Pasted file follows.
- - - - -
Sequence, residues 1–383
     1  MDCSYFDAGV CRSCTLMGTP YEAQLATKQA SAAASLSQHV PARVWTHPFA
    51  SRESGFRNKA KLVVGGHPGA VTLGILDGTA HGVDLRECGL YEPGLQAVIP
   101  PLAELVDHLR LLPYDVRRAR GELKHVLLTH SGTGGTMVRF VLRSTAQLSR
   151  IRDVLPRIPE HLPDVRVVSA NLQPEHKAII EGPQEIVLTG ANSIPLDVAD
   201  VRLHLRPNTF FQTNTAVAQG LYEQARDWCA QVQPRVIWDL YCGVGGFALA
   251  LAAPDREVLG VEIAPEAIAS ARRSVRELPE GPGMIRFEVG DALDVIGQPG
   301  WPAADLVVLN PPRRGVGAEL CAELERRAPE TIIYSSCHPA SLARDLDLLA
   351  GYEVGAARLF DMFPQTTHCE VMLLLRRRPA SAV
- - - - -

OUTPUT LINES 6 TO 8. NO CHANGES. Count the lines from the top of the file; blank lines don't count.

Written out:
   201  VRLHLRPNTF FQTNTAVAQG LYEQARDWCA QVQPRVIWDL YCGVGGFALA
   251  LAAPDREVLG VEIAPEAIAS ARRSVRELPE GPGMIRFEVG DALDVIGQPG
   301  WPAADLVVLN PPRRGVGAEL CAELERRAPE TIIYSSCHPA SLARDLDLLA